British Court Orders Binance to Identify and Freeze Hackers' Accounts After a User Claims Funds Stolen

A U.K. judge has reportedly ordered cryptocurrency exchange Binance to identify hackers and freeze their accounts after one of its users claimed to be the victim of a $2.6 million hack.

Binance Ordered to Help Recover Funds Allegedly Stolen in a Hack

A London high court has ordered global cryptocurrency exchange Binance to identify hackers and freeze their accounts after one of its users, Fetch.ai, claimed to be the victim of a $2.6 million hack, Reuters reported Friday.

The judge granted requests by the artificial intelligence (AI) company for Binance to identify the hackers as well as track and seize the alleged stolen assets, the judgment made public this week revealed.

Fetch.ai, incorporated in England and Singapore, develops AI projects for blockchain databases. The company claimed that its Binance account was hacked on June 6. “Unable to remove the assets because of account restrictions, they allegedly sold them to a linked third party at a fraction of their value in under an hour,” the news outlet conveyed.

A Binance spokesperson said, “We can confirm that we are helping Fetch.ai in the recovery of assets,” elaborating:

Binance routinely freezes accounts that are identified as having suspicious activity occurring in line with our security policies and commitment to ensuring that users are protected while using our platform.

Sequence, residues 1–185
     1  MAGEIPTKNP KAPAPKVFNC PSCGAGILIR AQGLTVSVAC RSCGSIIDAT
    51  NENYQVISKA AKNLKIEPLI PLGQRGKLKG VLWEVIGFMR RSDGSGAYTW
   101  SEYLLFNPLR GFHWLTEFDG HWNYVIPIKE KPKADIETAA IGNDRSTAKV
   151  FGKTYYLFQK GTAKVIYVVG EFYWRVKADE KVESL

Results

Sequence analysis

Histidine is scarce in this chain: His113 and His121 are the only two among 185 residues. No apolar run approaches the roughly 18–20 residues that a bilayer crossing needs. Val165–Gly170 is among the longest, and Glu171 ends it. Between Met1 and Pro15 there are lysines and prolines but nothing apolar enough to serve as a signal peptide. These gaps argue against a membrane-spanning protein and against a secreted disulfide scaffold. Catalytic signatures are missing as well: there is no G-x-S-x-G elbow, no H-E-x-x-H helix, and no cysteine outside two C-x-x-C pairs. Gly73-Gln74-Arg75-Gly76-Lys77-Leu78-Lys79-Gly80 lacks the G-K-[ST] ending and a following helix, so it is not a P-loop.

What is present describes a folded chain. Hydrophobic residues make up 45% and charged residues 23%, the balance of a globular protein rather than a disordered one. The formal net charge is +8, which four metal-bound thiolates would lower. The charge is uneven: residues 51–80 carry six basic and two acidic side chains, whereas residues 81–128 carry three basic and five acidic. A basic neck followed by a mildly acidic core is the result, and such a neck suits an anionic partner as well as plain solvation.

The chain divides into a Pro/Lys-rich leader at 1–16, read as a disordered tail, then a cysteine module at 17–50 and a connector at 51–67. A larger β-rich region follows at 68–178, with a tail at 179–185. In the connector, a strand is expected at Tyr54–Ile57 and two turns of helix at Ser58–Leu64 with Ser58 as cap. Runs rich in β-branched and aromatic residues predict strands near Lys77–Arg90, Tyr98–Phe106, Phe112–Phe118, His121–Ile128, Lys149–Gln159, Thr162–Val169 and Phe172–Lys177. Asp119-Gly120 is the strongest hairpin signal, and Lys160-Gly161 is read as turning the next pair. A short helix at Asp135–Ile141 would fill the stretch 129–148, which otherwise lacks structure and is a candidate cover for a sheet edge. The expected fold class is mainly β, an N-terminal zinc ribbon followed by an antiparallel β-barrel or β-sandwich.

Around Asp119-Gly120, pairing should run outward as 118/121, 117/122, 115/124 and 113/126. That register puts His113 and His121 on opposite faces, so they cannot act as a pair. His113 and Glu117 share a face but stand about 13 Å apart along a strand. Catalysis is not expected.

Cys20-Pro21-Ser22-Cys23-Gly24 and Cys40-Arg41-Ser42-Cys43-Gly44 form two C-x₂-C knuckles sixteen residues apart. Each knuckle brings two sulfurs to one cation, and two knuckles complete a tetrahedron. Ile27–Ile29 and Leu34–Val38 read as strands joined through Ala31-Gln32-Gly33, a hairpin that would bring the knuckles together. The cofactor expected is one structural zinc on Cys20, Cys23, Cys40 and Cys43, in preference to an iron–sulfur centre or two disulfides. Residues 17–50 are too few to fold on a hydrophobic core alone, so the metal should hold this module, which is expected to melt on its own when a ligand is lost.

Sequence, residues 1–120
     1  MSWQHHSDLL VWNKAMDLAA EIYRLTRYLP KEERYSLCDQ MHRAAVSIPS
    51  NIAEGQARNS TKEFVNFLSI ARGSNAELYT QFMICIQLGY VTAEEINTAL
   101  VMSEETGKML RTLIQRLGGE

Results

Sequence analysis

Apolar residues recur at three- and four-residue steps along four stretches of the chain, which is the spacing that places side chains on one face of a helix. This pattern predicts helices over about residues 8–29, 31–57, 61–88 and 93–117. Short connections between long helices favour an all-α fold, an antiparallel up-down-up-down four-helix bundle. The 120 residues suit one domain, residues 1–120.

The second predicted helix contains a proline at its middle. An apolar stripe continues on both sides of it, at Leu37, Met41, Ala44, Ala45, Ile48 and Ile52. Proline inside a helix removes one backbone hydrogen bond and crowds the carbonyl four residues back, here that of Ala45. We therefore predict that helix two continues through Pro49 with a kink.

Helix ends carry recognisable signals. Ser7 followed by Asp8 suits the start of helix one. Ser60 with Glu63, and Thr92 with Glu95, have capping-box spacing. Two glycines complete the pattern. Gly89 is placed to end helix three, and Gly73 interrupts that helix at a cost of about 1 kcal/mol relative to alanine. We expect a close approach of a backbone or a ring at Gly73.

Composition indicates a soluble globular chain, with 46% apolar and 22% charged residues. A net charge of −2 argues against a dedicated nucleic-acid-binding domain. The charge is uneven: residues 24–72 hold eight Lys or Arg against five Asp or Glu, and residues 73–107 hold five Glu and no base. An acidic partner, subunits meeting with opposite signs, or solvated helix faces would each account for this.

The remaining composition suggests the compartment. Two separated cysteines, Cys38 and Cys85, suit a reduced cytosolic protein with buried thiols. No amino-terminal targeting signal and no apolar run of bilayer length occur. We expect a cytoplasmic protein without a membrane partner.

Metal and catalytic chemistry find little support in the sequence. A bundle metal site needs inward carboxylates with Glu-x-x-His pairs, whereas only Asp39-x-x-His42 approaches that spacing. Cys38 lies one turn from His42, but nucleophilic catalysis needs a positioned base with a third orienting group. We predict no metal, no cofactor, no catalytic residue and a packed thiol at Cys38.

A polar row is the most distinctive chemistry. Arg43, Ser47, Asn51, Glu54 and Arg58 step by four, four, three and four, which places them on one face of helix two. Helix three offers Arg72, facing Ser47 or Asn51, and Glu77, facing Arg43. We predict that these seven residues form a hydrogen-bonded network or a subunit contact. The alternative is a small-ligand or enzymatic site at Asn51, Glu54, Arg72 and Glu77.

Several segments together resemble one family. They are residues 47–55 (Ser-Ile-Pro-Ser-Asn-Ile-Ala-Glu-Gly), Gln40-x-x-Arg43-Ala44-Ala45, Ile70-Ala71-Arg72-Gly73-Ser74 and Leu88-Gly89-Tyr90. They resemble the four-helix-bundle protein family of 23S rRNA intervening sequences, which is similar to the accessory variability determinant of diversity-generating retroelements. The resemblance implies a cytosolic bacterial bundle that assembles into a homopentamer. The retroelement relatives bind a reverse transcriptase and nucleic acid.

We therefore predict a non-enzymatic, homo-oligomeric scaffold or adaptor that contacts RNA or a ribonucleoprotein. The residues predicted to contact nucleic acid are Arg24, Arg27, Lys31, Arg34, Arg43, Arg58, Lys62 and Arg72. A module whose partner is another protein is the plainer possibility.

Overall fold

Syedur Rahman, a partner at Rahman Ravelli, which is representing Fetch.ai, told Reuters that Binance notified his client of unusual activity in its account and had already frozen a sum. Noting that he believes Binance would comply with the court orders, Rahman opined:

We need to dispel the myth that cryptoassets are anonymous. The reality is that with the right rules and applications they can be tracked, traced and recovered.

A growing list of regulators worldwide have issued warnings against Binance, including the U.K.’s Financial Conduct Authority (FCA). The British regulator issued a consumer warning in June stating that no entities in the Binance Group hold “any form of UK authorisation, registration or licence to conduct regulated activity in the UK.”

Binance said it is committed to complying with local rules wherever it operates and has expanded its international compliance team and advisory board. The exchange’s CEO, Changpeng Zhao (CZ), recently said his company wants “to be licensed everywhere” and become a financial institution.

He also revealed that Binance had been looking for a CEO with a strong compliance background. Last week, former U.S. regulator Brian Brooks resigned as the chief executive officer of Binance US.

What do you think about the British court ordering Binance to identify hackers and freeze their accounts? Let us know in the comments section below.

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